Cargo airports fly with e-commerce

Montreal’s Mirabel airport is gearing up for some infrastructure improvements.

Canada’s federal government and the local airport authority have pledged to contribute altogether C$107m ($81.24m) to the project, which will go towards the construction of a 20,000 sq m cargo terminal, new parking positions for 13 freighters and improvements in road access to the airport.

According to Aeroports de Montreal, which manages the city’s airports, the project is scheduled for completion by the end of 2022.

Mirabel had been Montreal’s international airport, but in 2004 all passenger traffic migrated to Dorval, which is closer to the city, leaving Mirabel to cater for cargo and aviation-related businesses like aircraft manufacturer Bombardier.

The airport was often derided as a white elephant, but the cargo business has been thriving there. In 2018 it climbed 11% to reach 107,660 tonnes.

Canadian all-cargo airline Cargojet, which in the main performs line haul across the country for the parcel industry (carrying the traffic of all major integrators as well as Canada Post), has built up its presence at Mirabel to six nightly departures plus one morning flight, reports executive vice-president Jamie Porteous.

When the new cargo building is completed, the airline will move there, Porteous says. He adds that the more pressing issue is ramp space.

At its hub in Hamilton near Toronto, Cargojet has acquired a hangar adjacent to its own one. Currently it is occupied by DHL, which performs parcel sorting activities there. It will continue to lease the facility from Cargojet until it has completed the construction of a C$100m building that will quadruple its footprint at the airport. DHL’s Canadian shipments have doubled since 2014.

Cargo airports have clocked up impressive growth. Chicago Rockford, which posted 55% growth in 2018, has been the fastest growing airport with throughput in excess of 250,000 tons, according to the Airports Council International.

“In the 1990s everybody talked about a need for alternative gateways, but then the bottom fell out of the market. Now it looks like their time is coming,” remarks Mike Webber, associate vice-president of aviation planning and development consultants Landrum & Brown.

There is no argument that e-commerce has been the chief driver of this development.

“Jack Ma and Jeff Bezos want to move everything anywhere in the world in 72 hours. The answer is air cargo,” comments Charles Edwards, director of logistics and freight at the North Carolina Department of Transportation.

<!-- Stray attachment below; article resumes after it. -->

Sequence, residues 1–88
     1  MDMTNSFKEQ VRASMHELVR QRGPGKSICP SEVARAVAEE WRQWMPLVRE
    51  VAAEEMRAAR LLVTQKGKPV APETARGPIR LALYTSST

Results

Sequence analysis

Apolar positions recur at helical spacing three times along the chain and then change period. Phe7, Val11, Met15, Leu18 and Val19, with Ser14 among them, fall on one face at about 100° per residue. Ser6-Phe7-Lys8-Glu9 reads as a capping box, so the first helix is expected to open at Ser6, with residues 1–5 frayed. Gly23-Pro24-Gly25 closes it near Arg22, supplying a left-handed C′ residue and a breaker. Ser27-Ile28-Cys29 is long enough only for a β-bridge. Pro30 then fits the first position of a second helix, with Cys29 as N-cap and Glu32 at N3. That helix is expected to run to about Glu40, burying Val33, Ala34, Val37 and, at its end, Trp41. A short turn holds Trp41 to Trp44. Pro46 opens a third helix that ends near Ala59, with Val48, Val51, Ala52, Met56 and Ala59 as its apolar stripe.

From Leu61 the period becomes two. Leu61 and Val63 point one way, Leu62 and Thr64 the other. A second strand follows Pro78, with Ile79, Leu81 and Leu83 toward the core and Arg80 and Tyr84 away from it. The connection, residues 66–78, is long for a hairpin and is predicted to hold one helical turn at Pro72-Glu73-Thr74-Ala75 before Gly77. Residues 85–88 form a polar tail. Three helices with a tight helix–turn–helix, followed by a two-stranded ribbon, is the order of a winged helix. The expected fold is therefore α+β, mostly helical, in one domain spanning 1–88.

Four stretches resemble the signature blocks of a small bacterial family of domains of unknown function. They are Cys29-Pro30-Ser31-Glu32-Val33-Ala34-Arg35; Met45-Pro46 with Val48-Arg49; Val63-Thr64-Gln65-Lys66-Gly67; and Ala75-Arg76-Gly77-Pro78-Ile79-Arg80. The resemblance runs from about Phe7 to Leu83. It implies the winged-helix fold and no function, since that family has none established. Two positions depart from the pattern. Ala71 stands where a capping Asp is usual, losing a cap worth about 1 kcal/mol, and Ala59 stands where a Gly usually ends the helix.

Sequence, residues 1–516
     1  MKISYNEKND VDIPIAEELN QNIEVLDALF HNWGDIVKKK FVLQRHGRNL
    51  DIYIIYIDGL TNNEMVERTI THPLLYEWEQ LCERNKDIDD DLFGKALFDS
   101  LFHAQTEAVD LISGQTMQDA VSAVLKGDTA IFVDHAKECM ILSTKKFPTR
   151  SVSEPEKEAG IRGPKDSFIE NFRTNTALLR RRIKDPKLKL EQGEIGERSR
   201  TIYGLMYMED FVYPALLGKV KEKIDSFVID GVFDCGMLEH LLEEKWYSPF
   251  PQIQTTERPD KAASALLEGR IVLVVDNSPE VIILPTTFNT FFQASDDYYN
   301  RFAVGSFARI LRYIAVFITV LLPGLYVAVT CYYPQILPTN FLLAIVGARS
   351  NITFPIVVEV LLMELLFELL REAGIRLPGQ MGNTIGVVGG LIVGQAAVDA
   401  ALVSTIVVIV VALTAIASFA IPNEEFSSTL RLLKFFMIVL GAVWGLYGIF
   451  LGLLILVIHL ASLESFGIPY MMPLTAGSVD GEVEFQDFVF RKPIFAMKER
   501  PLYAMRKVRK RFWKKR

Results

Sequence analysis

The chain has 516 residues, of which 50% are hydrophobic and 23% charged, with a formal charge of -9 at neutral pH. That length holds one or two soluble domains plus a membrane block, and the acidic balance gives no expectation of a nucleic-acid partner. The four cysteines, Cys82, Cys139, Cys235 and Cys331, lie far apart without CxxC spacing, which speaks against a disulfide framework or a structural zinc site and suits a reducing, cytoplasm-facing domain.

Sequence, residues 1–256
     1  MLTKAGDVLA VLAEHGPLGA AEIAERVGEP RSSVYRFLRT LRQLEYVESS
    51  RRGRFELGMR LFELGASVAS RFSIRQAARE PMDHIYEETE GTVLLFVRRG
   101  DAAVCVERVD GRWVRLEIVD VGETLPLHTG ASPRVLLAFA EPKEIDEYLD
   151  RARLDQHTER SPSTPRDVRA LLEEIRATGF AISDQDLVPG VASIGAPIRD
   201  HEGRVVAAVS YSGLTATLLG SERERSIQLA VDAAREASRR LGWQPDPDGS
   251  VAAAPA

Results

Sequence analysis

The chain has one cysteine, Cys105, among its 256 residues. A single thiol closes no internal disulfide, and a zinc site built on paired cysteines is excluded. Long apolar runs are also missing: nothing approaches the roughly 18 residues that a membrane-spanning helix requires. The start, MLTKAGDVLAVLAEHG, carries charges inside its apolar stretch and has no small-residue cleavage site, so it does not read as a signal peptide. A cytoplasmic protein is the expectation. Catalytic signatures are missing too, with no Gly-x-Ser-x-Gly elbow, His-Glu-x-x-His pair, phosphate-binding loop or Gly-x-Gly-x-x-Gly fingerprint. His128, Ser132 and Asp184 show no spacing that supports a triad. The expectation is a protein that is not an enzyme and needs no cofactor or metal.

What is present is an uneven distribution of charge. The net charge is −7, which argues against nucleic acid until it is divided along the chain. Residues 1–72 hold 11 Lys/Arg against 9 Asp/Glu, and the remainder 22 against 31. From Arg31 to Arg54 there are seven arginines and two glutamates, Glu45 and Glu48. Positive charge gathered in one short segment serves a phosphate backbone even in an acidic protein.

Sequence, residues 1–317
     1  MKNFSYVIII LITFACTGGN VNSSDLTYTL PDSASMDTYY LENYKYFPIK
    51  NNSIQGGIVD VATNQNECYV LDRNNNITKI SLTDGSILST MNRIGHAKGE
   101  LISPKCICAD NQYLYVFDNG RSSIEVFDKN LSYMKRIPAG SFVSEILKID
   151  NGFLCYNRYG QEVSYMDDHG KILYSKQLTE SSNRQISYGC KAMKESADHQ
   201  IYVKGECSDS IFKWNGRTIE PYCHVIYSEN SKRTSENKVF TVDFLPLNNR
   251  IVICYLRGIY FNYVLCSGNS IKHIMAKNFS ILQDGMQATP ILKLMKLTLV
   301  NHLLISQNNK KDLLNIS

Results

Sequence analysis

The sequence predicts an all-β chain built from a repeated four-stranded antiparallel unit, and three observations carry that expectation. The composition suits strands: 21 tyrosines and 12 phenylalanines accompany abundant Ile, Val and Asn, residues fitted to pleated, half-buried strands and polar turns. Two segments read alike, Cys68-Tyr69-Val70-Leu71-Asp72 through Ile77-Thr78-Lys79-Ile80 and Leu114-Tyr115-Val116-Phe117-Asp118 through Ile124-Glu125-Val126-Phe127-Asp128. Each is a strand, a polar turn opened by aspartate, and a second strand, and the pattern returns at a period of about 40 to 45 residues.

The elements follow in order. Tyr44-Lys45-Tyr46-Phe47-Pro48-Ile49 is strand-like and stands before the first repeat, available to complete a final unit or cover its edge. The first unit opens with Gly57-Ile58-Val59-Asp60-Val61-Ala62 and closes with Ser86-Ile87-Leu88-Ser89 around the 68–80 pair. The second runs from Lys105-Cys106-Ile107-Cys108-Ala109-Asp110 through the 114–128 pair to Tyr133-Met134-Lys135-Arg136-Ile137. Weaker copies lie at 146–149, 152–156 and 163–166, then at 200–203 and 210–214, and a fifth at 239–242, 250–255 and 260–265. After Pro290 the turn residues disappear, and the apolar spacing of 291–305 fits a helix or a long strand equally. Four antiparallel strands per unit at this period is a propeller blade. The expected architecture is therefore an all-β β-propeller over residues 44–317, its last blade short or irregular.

“The old way of moving air cargo is gone. It is individual shipments with e-commerce. Then we’re hit with the capacity at airports,” he continues, adding that the major gateways along the US East Coast all face constraints

For its part, Amazon has eschewed the big metropolitan centres, preferring to set up its hubs in smaller locations within relatively easy driving distance of the big centres, notes Brandon Fried, executive director of the US Airforwarders Association.

“It’s going to places like Rockford and Allentown instead of Chicago and Philadelphia,” he adds.

Piedmont Triad International Airport (GSO) in Greensboro, North Carolina, is not a cargo airport, but it is a sub-hub in the FedEx network. For years this meant little more than two flights a night – a far cry from more than 60 that the integrator had touted when it moved to set up the hub. However, FedEx has now doubled its activity there to four nightly flights. For the first three quarters of 2019 GSO’s throughput is up 65%.

Virtually all of its cargo is on freighters. Passenger aircraft serving GSO are no larger than an MD-80, so there is very little belly freight, observes Edwards.

He was involved for a long time with the Global TransPark, a 2,500-acre multi-modal industrial-cum-airport site in eastern North Carolina. Part of the fuselage of the Airbus A350 is built there and shipped (by ocean vessel) to Toulouse for assembly.

The airport has seen international charters but never landed a regular freighter operation. Now negotiations are afoot with US Customs to establish it as an international gateway, Edwards reports.

“It’s finally starting to gel,” he remarks.

The new interest in cargo airports is encouraging news for aspiring venues. Fried recalls a display by Lakeland airport from Florida at a conference two years ago. “I thought at the time: It’s going to be an uphill struggle for them. Now they have Amazon,” he says.

Webber injects a note of caution into the brighter horizon for freighter airports. Amazon, FedEx and UPS have the heft to make things happen, but this is not going to unleash an infinite number of freighters looking for places to land.

“There’s a certain degree of optimism that’s quite defensible. Amazon opens up one more possibility. In the 1980s there were seven,” he reflects, pointing to the demise of the likes of Kitty Hawk and BAX Global.

Even if e-commerce fails to lift GSO, the airport has a second, stronger leg to stand on. With Haeco, Honda Aircraft Company and Cessna operating on its patch, it has grown into a major site for the aviation industry.

Honda Aircraft is currently spending $15.5m to ramp up its production capacity and add storage for service parts for the fleet of HondaJets around the world.

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